So now that Argentina’s agreed to pay everyone else back at least some of the money they lent it, the time has come to deal with the ones that insist they be paid in full. You know, the ones that President Cristina Kirchner has vowed to never, ever pay under any circumstances excepting their submitting their long, flowing face values to the clippers she’s wielding, no matter what John Roberts & co. say?
“There’s just 7 percent of creditors left who haven’t voluntarily restructured their debt, and of that 7 percent there’s 1 percent that are vulture funds that have promoted lawsuits in the U.S.,” Cabinet Chief Jorge Capitanich said yesterday during a press conference in Buenos Aires. “We have a final step so that either via the judicial system or voluntary agreement we can end this process of restructuring our debt.”
Fernandez called the holdout hedge funds “serial predators” during a speech yesterday.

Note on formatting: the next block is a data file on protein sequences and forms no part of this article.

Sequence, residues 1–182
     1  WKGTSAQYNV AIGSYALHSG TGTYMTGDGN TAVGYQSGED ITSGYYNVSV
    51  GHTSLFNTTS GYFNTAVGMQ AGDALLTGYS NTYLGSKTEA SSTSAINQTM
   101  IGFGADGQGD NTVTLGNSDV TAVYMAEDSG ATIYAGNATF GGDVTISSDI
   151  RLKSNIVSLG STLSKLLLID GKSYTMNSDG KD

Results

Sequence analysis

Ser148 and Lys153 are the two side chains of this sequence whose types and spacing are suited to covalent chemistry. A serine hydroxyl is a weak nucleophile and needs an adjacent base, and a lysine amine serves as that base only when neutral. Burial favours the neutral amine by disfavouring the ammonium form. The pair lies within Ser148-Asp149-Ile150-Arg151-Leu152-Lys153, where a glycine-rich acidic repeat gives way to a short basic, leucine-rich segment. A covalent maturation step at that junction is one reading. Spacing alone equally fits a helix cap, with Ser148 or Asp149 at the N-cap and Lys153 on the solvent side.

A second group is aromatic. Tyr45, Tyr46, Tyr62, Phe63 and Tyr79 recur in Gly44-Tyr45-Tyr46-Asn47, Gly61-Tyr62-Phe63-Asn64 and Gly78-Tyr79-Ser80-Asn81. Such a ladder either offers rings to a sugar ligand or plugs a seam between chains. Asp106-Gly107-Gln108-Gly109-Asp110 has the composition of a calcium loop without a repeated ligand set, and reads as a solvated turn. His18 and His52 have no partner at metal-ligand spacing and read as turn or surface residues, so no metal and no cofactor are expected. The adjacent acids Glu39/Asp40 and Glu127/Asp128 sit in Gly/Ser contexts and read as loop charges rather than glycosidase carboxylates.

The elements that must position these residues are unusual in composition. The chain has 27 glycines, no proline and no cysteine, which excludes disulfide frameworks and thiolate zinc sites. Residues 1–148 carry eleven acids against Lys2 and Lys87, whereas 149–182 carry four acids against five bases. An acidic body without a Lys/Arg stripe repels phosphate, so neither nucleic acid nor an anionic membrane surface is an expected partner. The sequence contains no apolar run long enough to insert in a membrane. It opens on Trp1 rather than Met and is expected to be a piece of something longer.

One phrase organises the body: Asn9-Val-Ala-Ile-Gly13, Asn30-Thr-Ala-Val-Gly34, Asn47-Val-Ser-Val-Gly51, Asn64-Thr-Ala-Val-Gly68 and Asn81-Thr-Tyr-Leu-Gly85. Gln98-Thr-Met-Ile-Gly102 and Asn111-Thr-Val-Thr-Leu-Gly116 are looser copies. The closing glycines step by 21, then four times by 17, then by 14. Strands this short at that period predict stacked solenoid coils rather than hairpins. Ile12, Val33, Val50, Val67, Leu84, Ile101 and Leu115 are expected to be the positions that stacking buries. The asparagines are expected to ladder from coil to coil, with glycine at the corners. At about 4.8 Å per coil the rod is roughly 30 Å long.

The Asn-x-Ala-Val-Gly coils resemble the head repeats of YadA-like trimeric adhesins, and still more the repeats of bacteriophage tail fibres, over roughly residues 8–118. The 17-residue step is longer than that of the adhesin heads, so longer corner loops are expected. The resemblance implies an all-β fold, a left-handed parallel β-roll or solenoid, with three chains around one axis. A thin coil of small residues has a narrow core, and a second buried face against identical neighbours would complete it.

Which may all be true, but which doesn’t really matter, what with that 1% of 7% holding the keys to the international debt markets that Argentina would so very love to tap.
“The political embarrassment of locking in current double-digit yields remains a constraint for the sovereign to issue,” Werning said in a telephone interview from New York. “The main hurdle before the government would actually embrace market access is the private creditor holdout problem....”
“It’s not a game-changer,” Roca said in a telephone interview from New York. “It doesn’t mean that Argentina can now return to markets. This will happen once the holdouts issue is resolved.”